joost van der westhuizen

Joost van der Westhuizen, a South African legend on the rugby field and an inspirational hero to so many around the world, started a foundation that will change many lives for years to come.

 

South Africa (6 February 2017) – In 2011 the world was shocked when the news broke that Joost van der Westhuizen, known for years as the golden boy of South African rugby and a former Springbok captain, had been diagnosed with motor neuron disease (MND).

This rare condition attacks the central nervous system, causing progressive disability. There is no known cure.

Cruel Fate has no favourites when it chooses victims and tragedy can strike anyone. The South African rugby hero learned this when he was diagnosed with the disease, but where others might struggle to accept their lot, Van Der Westhuizen tackled it with dignity… and humour.

Tough and tenacious on the rugby field, Van der Westhuizen applied those skills in his fight to stay alive and help find a cure for MND, if not for himself, then for others.

In a race against time, Joost had a dream to fulfill. “In the beginning you go through all the emotions and you ask, ‘Why me?’ It’s quite simple. ‘Why not me?’ If I have to go through this to help future generations, why not me?”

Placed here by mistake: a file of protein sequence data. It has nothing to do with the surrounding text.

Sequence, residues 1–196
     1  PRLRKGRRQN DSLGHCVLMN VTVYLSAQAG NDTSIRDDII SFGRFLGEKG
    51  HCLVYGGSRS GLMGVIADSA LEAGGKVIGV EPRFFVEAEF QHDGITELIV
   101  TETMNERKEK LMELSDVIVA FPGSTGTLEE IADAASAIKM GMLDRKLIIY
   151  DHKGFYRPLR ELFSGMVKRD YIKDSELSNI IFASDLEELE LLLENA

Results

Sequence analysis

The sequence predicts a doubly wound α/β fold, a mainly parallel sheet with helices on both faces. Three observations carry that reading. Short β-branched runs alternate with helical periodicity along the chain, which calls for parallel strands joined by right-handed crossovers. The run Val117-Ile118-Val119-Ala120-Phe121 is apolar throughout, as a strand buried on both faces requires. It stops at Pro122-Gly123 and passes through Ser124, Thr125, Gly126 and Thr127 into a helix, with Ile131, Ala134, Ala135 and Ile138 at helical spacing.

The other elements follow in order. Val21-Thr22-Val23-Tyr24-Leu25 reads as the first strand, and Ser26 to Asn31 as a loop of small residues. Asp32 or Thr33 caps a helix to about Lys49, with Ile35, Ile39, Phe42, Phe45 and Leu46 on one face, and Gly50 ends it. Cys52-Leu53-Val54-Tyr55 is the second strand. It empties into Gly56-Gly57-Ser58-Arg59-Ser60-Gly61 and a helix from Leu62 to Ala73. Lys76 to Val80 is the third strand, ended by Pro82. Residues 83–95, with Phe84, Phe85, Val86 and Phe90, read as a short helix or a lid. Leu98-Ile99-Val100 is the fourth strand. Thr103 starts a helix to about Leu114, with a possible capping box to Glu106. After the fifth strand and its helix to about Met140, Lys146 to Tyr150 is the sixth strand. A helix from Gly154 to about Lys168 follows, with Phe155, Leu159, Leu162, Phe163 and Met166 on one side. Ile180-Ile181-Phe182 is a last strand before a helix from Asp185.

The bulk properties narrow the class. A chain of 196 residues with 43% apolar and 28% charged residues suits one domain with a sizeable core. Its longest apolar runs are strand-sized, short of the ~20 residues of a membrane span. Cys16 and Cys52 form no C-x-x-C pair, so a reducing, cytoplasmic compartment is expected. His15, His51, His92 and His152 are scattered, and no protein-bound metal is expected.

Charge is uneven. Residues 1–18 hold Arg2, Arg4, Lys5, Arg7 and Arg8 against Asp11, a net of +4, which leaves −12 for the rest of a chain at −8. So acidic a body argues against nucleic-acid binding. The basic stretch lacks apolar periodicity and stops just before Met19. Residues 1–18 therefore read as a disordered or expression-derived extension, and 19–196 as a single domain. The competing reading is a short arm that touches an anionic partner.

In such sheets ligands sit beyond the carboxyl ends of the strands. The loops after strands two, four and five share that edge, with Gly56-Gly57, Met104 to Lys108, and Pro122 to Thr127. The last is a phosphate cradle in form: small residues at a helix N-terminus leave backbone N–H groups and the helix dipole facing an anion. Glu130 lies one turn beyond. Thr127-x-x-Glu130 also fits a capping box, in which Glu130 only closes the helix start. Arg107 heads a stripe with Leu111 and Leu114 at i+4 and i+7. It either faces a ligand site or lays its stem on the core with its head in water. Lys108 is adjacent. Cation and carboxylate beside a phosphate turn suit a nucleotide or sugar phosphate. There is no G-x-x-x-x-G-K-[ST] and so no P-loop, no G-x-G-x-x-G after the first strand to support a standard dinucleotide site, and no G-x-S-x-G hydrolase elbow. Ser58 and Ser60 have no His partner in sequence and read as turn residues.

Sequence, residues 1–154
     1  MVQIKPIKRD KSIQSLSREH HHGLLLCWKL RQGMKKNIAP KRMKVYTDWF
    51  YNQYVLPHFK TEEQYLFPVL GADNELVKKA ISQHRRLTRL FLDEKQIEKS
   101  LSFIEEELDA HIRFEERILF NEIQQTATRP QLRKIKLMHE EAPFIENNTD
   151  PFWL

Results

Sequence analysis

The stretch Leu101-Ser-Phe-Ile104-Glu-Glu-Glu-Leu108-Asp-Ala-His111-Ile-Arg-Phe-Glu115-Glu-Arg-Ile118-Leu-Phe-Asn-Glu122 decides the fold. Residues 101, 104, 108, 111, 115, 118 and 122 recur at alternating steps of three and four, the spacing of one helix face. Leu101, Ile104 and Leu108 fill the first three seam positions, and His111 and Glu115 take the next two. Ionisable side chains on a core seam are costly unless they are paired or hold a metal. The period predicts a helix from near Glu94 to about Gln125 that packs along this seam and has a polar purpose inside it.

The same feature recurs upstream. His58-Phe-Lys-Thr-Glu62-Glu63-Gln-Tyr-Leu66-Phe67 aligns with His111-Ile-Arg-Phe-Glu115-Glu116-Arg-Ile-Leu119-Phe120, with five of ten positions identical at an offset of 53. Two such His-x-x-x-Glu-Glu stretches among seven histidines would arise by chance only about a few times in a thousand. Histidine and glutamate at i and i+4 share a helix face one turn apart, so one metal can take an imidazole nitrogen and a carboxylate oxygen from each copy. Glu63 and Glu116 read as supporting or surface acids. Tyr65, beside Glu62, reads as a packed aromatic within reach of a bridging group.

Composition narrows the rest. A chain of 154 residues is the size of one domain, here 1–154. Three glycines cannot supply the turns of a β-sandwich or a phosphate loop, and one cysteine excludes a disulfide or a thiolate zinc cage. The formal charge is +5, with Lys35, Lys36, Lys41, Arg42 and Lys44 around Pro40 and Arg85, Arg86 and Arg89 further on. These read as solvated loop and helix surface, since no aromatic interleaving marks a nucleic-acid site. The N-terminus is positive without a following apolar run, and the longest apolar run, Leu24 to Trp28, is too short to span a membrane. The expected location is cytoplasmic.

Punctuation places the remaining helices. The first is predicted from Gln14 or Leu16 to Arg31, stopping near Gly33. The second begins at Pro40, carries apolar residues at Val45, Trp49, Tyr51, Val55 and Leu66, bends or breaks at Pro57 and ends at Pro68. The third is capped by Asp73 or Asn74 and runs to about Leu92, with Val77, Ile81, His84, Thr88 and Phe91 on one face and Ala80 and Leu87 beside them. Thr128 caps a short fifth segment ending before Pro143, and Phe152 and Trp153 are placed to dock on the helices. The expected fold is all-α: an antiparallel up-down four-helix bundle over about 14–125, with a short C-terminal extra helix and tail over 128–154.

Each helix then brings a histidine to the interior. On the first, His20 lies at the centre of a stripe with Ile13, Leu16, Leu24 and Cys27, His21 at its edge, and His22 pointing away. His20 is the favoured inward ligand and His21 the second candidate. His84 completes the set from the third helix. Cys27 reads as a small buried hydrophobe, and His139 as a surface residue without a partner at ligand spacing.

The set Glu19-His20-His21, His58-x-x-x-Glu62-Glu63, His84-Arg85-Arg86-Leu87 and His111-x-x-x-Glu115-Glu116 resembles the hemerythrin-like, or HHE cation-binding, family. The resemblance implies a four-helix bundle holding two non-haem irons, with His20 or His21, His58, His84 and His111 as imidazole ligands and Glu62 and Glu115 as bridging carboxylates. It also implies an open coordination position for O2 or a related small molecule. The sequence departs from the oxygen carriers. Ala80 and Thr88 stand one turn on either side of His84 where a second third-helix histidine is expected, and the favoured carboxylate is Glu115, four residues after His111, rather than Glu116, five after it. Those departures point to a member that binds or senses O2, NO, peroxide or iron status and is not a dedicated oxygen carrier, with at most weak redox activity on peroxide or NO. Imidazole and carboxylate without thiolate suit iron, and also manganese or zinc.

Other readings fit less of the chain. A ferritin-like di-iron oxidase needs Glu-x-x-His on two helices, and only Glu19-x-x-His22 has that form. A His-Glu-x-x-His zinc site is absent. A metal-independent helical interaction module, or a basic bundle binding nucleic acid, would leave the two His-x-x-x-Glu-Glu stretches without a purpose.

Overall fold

All who had seen Joost in action will know that he was not one to give up without a fight. His game-changing prowess as a brilliant scrum half was focused on a battle for survival and, more importantly, on making a difference to the lives of others with the disease.

More than a team player, Joost became the ultimate Man of the Match.

Since 2011, Van Der Westhuizen had been working on a legacy to help those in the same position who may not have the funding or support. The determined South African travelled around the world to visit MND support centers to gather information on the disease to bring back home.

Both the J9 foundation and the Joost van der Westhuizen Neurodegeneration Centre were borne out of his passion to help fellow South Africans who may be fighting a similar battle with MND.

“There are two things that we take for granted everyday, and that is time and health… and the moment you lose that, then only do we wake up.”

The foundations aim to educate the public about MND and the people in the medical industry about how to better care for patients suffering from the disease.

You can assist by visiting the J9 foundation website or you can make a difference by simply SMSing J9 to 42305


Sources: Wikipedia / J9 Foundation
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Brent Lindeque is the founder and editor in charge at Good Things Guy.

Recognised as one of the Mail and Guardian’s Top 200 Young South African’s as well as a Primedia LeadSA Hero, Brent is a change maker, thought leader, radio host, foodie, vlogger, writer and all round good guy.

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